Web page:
Charles Dutoit To Conduct Ravel With Jean-Yves Thibaudet As Soloist, 1/17–20
Charles Dutoit will conduct the New York Philharmonic in a French program spotlighting Ravel, featuring the Piano Concerto for the Left Hand, with Jean-Yves Thibaudet as soloist; Le Tombeau de Couperin; Valses nobles et sentimentales; Boléro; and Ravel's orchestration of Debussy's Sarabande et Danse, Wednesday, January 17, 2018, at 7:30 p.m.; Thursday, January 18 at 7:30 p.m.; Friday, January 19 at 8:00 p.m.; and Saturday, January 20 at 8:00 p.m.
The program honors the 90th anniversary of Ravel's only North American tour, in 1928, during which he conducted the New York Symphony - a forebear of today's New York Philharmonic - in his Le Tombeau de Couperin and orchestration of Debussy's Sarabande et Danse (both of which will be heard in this program), in addition to his Rapsodie espagnole, Tzigane, and La Valse. He wrote Boléro (also on this program) while resting at home after this four-month tour. The Philharmonic gave the U.S. Premieres of Ravel's Boléro and Valses nobles et sentimentales, and the New York Premiere of his orchestration of Debussy's Sarabande et Danse.
Charles Dutoit and Jean-Yves Thibaudet are performing Ravel's Piano Concerto for the Left Hand in New York, Boston, Chicago, and Cleveland - the first destinations of Ravel's 1928 tour. Mr. Thibaudet studied piano with Ravel's friend and collaborator Lucette Descaves, and Mr. Dutoit was mentored by conductor Ernest Ansermet, who was friendly with Ravel and Debussy and championed their music. The Los Angeles Times wrote in November 2017 that "Dutoit has long been and continues to be one of the best Ravel conductors on the planet."
The Saturday Matinee Concert on January 20 at 2:00 p.m. continues the French theme, opening with Franck's Piano Quintet performed by Jean-Yves Thibaudet, Principal Associate Concertmaster Sheryl Staples, Assistant Concertmaster Michelle Kim, Principal Viola Cynthia Phelps, and Associate Principal Cello Eileen Moon-Myers. The rest of the program features Ravel's Valses nobles et sentimentales and Boléro, and Ravel's orchestration of Debussy's Sarabande et Danse.
Charles Dutoit is artistic director and principal conductor of London's Royal Philharmonic Orchestra; conductor laureate of The Philadelphia Orchestra, a title honoring an artistic collaboration spanning 32 years; and music director emeritus of the NHK Symphony Orchestra, where he was previously principal conductor and later music director. He recently received the 103rd Royal Philharmonic Society Gold Medal, one of classical music's highest honors, founded in 1870 to celebrate the centenary of Beethoven's birth. Mr. Dutoit served as artistic director of the Montreal Symphony Orchestra for 25 years, and was music director of the Orchestre national de France from 1991 to 2001. He performs each season with the New York and Los Angeles Philharmonic orchestras and the Chicago, Boston, and San Francisco symphony orchestras, and is a regular guest on stages in London, Berlin, Paris, Munich, Moscow, Sydney, Beijing, Hong Kong, Shanghai, and Tokyo. When still in his early 20s, Charles Dutoit was invited by Herbert von Karajan to conduct the Vienna Staatsoper. He has since conducted at The Metropolitan Opera, Deutsche Oper Berlin, Rome Opera, Buenos Aires's Teatro Colón, and The Royal Opera, Covent Garden. Mr. Dutoit's interest in supporting the younger generation has always held an important place in his career; he has been music director of the Sapporo Pacific Music Festival and Miyazaki International Music Festival in Japan; the Canton International Summer Music Academy in Guangzhou, China; the Lindenbaum Festival in Seoul, South Korea; and the Verbier Festival Orchestra, where he is now conductor emeritus. His more than 200 recordings have garnered multiple awards and distinctions including two Grammys. In 2014 he was given the Lifetime Achievement Award from the International Classical Music Awards. A globetrotter motivated by his passion for history and archaeology, political science, art, and architecture, he has traveled in all 196 nations of the world. Charles Dutoit made his New York Philharmonic debut conducting works by Haydn, Franck, and Stravinsky in February 1982. He most recently led a program of Respighi and Mozart, with pianist Yuja Wang as soloist, in February 2016.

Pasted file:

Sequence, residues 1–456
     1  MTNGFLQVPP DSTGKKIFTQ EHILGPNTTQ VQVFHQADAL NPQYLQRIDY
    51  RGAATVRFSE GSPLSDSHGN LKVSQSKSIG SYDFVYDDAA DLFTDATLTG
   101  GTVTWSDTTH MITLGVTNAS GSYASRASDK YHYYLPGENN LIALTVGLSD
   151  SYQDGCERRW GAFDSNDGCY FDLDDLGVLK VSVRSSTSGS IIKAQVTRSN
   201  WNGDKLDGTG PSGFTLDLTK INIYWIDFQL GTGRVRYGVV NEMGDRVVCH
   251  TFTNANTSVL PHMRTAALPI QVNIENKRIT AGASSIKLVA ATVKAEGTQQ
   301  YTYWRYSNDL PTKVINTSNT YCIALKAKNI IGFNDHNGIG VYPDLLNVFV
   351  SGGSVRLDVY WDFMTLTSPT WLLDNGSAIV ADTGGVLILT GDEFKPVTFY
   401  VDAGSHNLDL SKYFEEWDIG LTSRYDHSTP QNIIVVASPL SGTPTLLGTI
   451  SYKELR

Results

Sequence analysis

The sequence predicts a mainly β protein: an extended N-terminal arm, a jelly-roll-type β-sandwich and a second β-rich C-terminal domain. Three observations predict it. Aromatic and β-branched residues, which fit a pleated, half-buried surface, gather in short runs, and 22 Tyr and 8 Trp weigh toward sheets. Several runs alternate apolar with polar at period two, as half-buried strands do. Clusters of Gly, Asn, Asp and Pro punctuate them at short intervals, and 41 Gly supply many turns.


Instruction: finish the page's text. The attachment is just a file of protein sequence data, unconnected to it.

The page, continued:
For more than three decades Jean-Yves Thibaudet has performed worldwide and recorded more than 50 albums. He plays a range of solo, chamber, and orchestral repertoire, from Beethoven to contemporary composers, as well as jazz and opera, which he transcribes himself for the piano. His professional friendships across the globe have led to collaborations in film, fashion, and visual art. This season takes Mr. Thibaudet to 14 countries, including concerts in Asia with the Singapore, NHK, and Guangzhou symphony orchestras and the Malaysian, Hong Kong, and China philharmonic orchestras. As artist-in-residence at the Boston Symphony Orchestra, he plays J.S. Bach's Concerto for Three Pianos with Thomas Adès and Kirill Gerstein, Ravel's Piano Concerto for the Left Hand, chamber music with symphony musicians, and Bernstein's Symphony No. 2, The Age of Anxiety, in Boston and at Carnegie Hall. He also performs The Age of Anxiety throughout Bernstein's centennial season with the China Philharmonic; Atlanta, National, San Francisco, and Houston symphony orchestras; and The Philadelphia Orchestra, both at home and on tour in Germany, Austria, and Israel. In addition to extending his artist residency, the Colburn School has announced the Jean-Yves Thibaudet Scholarships, providing merit-based aid for students selected by Mr. Thibaudet, regardless of instrument. Mr. Thibaudet's recording catalogue has received two Grammy nominations, the Preis der Deutschen Schallplattenkritik, Diapason d'Or, Choc du Monde de la Musique, Edison Prize, and Gramophone and Echo Awards. He was the soloist on the sound track to the Oscar-winning film Atonement as well as Pride and Prejudice, Extremely Loud & Incredibly Close, and Wakefield. His concert wardrobe is designed by Vivienne Westwood. In 2010 the Hollywood Bowl inducted him into its Hall of Fame. Previously a Chevalier of the Ordre des Arts et des Lettres, he was awarded the title Officier by the French Ministry of Culture in 2012. Mr. Thibaudet made his Philharmonic debut performing works by Szymanowski and Liszt, led by Charles Dutoit, in November 1990. He most recently joined the Orchestra in February 2015 for the New York Premiere of James MacMillan's Piano Concerto No. 3, The Mysteries of Light, conducted by Stéphane Denève.